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DA Vance announced that a New York State Supreme Court Grand Jury has issued a report examining the vulnerability of programs providing opportunities for Minority- and Women-Owned Business Enterprises (MWBE) to fraud and misuse. During its investigation, the Grand Jury reviewed the activities of contractors in order to identify abuse surrounding the MWBE requirements specified in their contracts. The evidence gathered revealed criminal conduct in the construction industry spanning at least a decade and, within the relatively small sample of cases reviewed, found that the amount of money intended for MWBEs that instead went to non-MWBEs exceeded $10 million. As a result of these findings, the Grand Jury recommended significant reforms to the MWBE procurement process, including stronger accountability for contractors and MWBEs, increased resources for certifying and contracting agencies, changes to the Scheme to Defraud statute, and increased fines. 

London and New York City law-enforcement agencies signed an agreement Wednesday to share staff and resources to combat the growing threat of cybercrime and data breaches, particularly in the financial sector, officials said. The agreement, announced at a symposium on cybersecurity at the Federal Reserve Bank of New York, will “embed” lawyers and investigators from the New York District Attorney’s Office and the City of London Police Department in each other’s offices, New York District Attorney Cy Vance said. It is the first such partnership between the District Attorney’s office and a foreign metropolitan police department, Mr. Vance said.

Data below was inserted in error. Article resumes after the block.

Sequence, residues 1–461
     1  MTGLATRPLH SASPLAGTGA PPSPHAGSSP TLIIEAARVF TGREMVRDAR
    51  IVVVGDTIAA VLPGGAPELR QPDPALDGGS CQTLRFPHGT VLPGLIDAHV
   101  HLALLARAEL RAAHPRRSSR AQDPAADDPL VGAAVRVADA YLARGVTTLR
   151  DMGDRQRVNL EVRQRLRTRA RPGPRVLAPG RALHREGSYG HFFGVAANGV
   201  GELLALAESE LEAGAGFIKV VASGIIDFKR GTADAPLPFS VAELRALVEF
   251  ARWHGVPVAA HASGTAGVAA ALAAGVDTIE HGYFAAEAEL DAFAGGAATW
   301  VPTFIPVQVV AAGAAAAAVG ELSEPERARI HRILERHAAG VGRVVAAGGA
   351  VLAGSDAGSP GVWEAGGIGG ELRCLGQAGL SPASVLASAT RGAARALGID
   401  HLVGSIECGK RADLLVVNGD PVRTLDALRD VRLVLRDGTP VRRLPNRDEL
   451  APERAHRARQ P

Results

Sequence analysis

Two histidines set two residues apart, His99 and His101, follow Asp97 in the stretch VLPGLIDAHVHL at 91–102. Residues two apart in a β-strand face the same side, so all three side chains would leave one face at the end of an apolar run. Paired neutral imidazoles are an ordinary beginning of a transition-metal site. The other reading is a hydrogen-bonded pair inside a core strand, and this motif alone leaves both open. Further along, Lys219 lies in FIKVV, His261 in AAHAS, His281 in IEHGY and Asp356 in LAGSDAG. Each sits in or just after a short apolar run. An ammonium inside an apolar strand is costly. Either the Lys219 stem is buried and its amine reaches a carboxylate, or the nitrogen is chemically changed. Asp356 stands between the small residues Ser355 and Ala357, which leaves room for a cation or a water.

Manhattan’s district attorney, Cyrus Vance Jr., made a public commitment last week to use $35 million in civil forfeiture assets he controls to help other jurisdictions reduce their large backlogs of untested rape kits. Properly tested, the saliva, semen, blood and other DNA evidence that medical personnel collect in a kit can identify an assailant, corroborate a victim’s account or exonerate the innocent. When New York City made a four-year push to clear its backlog of 17,000 untested rape kits beginning in 2000, it led to 49 indictments in unsolved cases in Manhattan alone.

So convinced is Manhattan District Attorney Cyrus R. Vance Jr. (D) of the importance of rape kits in improving public safety that he is dedicating $35 million to help eliminate the backlog that has become a national disgrace. The money is the single largest financial contribution toward testing the hundreds of thousands of rape kits that have sat — for years and even decades — untouched in police storage facilities.

Evidence from up to 70,000 rape cases nationwide will get long-awaited DNA testing, Manhattan District Attorney Cyrus R. Vance Jr. announced Wednesday as he pledged as much as $35 million to help eliminate a backlog that has long troubled authorities, victims and lawmakers.Experts estimate hundreds of thousands of rape kits — swabs and specimens gathered during examinations of victims — remain to be tested for genetic evidence that could identify, or eliminate, a suspect. Some kits have languished for decades. Rape victims deserve to see that the extensive exams weren't for nothing, Vance said.